Many parents are breathing a sigh of relief with the Wednesday announcement that masks will be mandatory for students in grades 4 and up in Manitoba, but they’re now left with other questions to consider.
How many non-medical face coverings do you send your child to school with every day? Where do they put them during “mask breaks,” and does that doffing and donning carry a risk of contaminating shared surfaces? And what about stigma: how do you prevent and protect them from shaming and bullying?
Experts say there are a range of behavioural, psychological and practical mask hurdles that parents should consider talking out with their children — and practise, practise, practise proper mask use.
Michelle Driedger, a professor of community health sciences at the University of Manitoba, stressed the importance of hammering home the fundamentals now.
“I’ve even seen with my daughters, they’ll put them down on the counter and then pick them up and put them on, and it’s like ‘OK, we’re going to try to address some of these things because you can’t go doing that in school,'” Driedger said.
Parents will have to consider how many masks to send to school, and schools will have to ensure students understand how to safely put on, remove or change masks without contaminating shared surfaces.
Once a mask gets moist from prolonged use, coughing or sneezing, it can become less effective, said Driedger, so it’s important those in schools don’t develop a false sense of security.
“How clearly is that going to be communicated, both from teachers to students but then also even from parents to their kids to help reinforce those kinds of messages before kids go into school?”
Working through anxiety
Forming or changing habits can be a long slog generally, but in the context of a pandemic the stakes may feel higher. Don’t expect perfect mask usage on the first day, said Dr. Jo Ann Unger.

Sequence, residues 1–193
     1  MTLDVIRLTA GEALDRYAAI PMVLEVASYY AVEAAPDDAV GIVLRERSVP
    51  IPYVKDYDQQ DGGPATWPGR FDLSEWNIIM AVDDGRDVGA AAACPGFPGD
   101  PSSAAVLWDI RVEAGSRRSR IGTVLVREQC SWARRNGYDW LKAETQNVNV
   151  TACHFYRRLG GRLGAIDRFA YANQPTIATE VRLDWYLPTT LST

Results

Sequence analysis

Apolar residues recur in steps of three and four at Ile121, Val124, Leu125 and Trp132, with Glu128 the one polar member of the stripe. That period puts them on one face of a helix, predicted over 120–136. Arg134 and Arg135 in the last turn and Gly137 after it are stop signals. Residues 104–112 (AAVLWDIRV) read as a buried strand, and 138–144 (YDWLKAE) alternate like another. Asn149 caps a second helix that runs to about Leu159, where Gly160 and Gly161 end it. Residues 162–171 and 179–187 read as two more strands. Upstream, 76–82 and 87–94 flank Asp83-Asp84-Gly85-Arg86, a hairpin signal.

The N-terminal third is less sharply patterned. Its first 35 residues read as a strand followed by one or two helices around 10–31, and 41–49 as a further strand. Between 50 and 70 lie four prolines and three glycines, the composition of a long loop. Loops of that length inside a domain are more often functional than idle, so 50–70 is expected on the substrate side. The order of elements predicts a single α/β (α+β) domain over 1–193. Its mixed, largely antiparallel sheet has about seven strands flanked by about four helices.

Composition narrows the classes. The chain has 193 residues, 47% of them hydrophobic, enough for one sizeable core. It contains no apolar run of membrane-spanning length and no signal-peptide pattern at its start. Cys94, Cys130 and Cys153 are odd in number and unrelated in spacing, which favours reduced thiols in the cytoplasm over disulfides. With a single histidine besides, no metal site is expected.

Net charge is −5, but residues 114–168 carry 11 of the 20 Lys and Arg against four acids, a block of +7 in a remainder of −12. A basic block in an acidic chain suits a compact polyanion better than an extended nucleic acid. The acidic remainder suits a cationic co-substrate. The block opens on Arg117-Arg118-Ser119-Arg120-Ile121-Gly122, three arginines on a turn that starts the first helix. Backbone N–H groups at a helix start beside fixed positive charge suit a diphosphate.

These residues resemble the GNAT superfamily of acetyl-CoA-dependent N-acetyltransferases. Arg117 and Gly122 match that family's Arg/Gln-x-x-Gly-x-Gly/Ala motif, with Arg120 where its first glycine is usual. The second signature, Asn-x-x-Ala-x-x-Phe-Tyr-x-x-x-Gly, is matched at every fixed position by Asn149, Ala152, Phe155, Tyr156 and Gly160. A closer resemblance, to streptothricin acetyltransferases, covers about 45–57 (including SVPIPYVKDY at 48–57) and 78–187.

“We’re asking kind of kids and parents on a really widespread level to do a really big behavioural change,” said Unger, a clinical psychologist and director of Kidthink Children’s Mental Health Centre.
“It’s going to be part of their everyday school life, so it’s going to be bumpy.”
Unger said parents and teachers need to understand the importance of their roles in coming up with mask strategies and practising those with children until they become routine.
Though parents may feel comforted by the mask mandate, Unger also said that may or may not be the case for all children, especially those who aren’t used to wearing masks yet. Seeing and wearing masks everyday in school could be a source of anxiety, she said.
“The mask, and seeing masks around them, is a reminder that we are still in a global pandemic,” she said.
Stigma and bullying
Unger suggested it is incumbent on parents and educators to use calm and reassuring language when discussing why masks are necessary.
She said parents should also be mindful not to project their own anxieties and fears onto their children. Instead, ask your child if they have any questions about going back to school and masks, said Unger.
Another concern is bullying or stigma of those who are exempt from wearing masks for a range of health reasons, or those in younger years whose parents opt to have their kids mask up in a classroom where their peers aren’t doing the same.
That’s ultimately going to come down to school administrators and teachers setting a good example, said Unger.
“When and if it does happen — kids are humans and they make mistakes and they say mean things sometimes — [teachers need to ensure] that it’s addressed and not just ignored so that that culture of safety and … allowing for difference is fostered, and kids can feel emotionally safe to make those kinds of decisions that are best for them.”
The power of play
But it also helps to lighten the mood where possible. Consider buying your child masks with fun prints on them, said Unger.
Tanya Hoover, a certified play therapist with the Canadian Association for Play Therapy, urges parents to remember to prioritize having fun.
“This year is going to be stressful for all of us: kids, parents, teachers, school administrators. Play is a stress releaser. Play helps kids process things. Play helps you connect. So play!” said Hoover, who also holds a master’s of social work degree and early childhood education certificate.
“Find what brings your children and you joy and engage in all the play you can while, of course, taking all necessary precautions.”
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